My Dad had heart ablation surgery in Panama City, FL a few weeks ago. Nothing terribly serious. The procedure would take a few hours. Dad would be in the hospital overnight for observations but we could pick him up the next morning. We thought he might have the double room to himself, but just as we were leaving for the night, the surgical nurses wheeled in Leroy and parked him next to Dad. Oh well. It was late and Leroy was alone and sedated. Plus Leroy looked like he could have been Dad’s bunker mate during the war. They’d be fine.
Mom, Maggy and I were at the hospital promptly at 9:00 am the next morning to whisk the patient home. We arrive at the room where Geraldine and Don are also waiting to collect Leroy. Little did we know at that early hour that none of us would find our way out of that hospital maze until 3:30 that afternoon.
We start to collect Dad’s things, but the nurse arrives and we get the word. The doctor hasn’t released Dad or Leroy. Until then, no one’s going anywhere, so sit back, relax, and enjoy the wait.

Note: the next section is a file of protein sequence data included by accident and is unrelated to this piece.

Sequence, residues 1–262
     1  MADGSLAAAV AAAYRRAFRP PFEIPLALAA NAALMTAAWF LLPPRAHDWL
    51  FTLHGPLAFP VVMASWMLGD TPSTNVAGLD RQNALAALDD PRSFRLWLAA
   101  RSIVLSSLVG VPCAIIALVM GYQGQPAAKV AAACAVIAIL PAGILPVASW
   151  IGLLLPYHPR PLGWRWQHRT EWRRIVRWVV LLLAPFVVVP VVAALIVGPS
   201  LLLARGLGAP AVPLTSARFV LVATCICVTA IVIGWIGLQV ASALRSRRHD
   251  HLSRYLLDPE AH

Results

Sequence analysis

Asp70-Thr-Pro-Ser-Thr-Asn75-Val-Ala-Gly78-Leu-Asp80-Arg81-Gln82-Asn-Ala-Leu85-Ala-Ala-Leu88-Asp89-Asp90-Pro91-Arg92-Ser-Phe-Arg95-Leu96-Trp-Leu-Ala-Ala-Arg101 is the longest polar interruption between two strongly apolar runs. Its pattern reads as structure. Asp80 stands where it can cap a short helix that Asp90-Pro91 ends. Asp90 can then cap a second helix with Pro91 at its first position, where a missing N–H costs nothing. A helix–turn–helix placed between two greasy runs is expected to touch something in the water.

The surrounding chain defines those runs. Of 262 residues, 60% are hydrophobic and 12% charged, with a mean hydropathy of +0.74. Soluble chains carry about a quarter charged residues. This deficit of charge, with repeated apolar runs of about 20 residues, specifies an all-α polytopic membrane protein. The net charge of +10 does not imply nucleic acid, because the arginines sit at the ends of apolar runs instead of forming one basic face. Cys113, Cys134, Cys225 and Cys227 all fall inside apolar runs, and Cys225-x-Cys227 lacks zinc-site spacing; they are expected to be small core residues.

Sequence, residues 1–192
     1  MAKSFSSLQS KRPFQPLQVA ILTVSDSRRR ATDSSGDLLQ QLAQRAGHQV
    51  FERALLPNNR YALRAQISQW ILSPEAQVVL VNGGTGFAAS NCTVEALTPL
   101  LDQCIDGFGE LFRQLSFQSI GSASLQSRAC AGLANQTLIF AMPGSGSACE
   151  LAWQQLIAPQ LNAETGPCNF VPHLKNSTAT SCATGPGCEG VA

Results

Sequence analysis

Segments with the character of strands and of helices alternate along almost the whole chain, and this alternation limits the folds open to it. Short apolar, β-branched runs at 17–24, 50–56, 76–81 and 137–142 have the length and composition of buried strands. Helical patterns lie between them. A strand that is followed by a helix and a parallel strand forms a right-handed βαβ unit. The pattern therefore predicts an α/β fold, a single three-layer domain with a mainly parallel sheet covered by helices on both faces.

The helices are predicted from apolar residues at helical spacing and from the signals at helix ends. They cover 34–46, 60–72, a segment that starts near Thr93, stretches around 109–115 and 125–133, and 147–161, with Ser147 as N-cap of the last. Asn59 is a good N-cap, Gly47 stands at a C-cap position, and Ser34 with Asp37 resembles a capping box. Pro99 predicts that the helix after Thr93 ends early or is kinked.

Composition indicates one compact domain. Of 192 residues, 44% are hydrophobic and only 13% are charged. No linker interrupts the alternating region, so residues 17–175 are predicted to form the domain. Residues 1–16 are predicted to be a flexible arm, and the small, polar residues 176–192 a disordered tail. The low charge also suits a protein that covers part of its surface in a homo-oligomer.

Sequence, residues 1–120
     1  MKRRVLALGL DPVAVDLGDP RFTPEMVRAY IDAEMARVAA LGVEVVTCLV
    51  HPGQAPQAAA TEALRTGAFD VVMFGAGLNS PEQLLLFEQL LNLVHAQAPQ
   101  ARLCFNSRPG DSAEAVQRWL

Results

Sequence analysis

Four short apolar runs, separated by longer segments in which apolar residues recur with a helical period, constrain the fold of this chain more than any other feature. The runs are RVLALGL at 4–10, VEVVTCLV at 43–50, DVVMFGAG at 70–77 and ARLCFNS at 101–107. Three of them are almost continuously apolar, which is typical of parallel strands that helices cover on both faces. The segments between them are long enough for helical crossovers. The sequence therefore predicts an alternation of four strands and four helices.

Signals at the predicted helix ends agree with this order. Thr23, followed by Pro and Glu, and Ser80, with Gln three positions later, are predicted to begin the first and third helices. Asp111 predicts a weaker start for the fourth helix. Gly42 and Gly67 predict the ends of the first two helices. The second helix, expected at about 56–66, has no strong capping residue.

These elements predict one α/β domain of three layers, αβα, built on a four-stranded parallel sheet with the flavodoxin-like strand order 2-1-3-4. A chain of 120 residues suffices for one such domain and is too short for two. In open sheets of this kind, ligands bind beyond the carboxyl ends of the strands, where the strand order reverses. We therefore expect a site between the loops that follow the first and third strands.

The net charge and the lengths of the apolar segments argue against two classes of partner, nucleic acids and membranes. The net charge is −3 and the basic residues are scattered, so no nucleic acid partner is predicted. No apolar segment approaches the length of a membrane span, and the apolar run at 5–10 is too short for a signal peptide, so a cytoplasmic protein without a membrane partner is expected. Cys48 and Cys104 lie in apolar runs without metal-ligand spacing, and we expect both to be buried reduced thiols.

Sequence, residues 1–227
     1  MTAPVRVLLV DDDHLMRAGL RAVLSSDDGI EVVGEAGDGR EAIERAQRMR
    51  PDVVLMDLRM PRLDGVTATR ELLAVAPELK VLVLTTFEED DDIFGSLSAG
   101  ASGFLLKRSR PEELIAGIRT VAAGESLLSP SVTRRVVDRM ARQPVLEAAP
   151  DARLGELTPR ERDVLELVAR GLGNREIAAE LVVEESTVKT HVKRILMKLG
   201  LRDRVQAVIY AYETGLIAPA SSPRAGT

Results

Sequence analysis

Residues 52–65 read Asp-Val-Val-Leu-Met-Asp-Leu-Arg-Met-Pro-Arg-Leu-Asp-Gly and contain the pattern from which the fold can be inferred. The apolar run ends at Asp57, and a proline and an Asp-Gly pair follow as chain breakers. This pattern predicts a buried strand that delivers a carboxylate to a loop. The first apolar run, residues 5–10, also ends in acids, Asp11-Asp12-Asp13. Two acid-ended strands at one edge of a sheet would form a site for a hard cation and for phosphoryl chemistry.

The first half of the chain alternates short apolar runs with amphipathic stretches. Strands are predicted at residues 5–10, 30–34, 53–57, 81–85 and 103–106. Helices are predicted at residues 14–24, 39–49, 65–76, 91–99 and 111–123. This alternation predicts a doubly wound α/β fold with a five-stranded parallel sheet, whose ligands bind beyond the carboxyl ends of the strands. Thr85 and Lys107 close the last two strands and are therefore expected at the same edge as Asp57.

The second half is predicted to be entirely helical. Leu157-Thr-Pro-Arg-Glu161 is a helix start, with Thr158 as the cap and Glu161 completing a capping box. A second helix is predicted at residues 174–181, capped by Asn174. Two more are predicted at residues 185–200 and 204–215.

There we are, all seven of us—Mom, Dad, Maggy, Geradine, Don, Leroy, and me—unlikely roommates just waiting to bolt. Leroy finally does the sensible thing and turns on TV. Turns out he loves the Food Network. Yes! We work our way through the morning lineup—Tyler, the Neelys, Paula, Giada, and finally Barefoot Contessa.
All this food watching gets us talking recipes. Geraldine asks if I’d heard of Don’s absolute favorite—Bob Andy Pie? “What?” I said. She repeats the name. I’m both stumped and intrigued. She promises to send the recipe.
Geraldine is true to her word. She doesn’t do computers, but by the time I get back to Connecticut she’s mailed me a 4- by 6-inch index card with a recipe for Bob Andy Pie that I promptly make.
Turns out it’s a simple cinnamon-flavored custard pie (although some recipes call for cloves and even nutmeg) with Amish roots. Even though Geraldine and Don live in Cottondale, FL he grew up among the Indiana Amish and the recipe came South with him.
So how did the pie get its name, I wondered. There are conflicting stories, but the most common seems to be that after tasting this pie, an Amish farmer declared it as good as his two prized work horses, Bob and Andy.
The unbearable hospital wait seemed pointless then, but now I get it. If it hadn’t been for the unlikely gathering in that Southern hospital room I wouldn’t even know about my new favorite pie.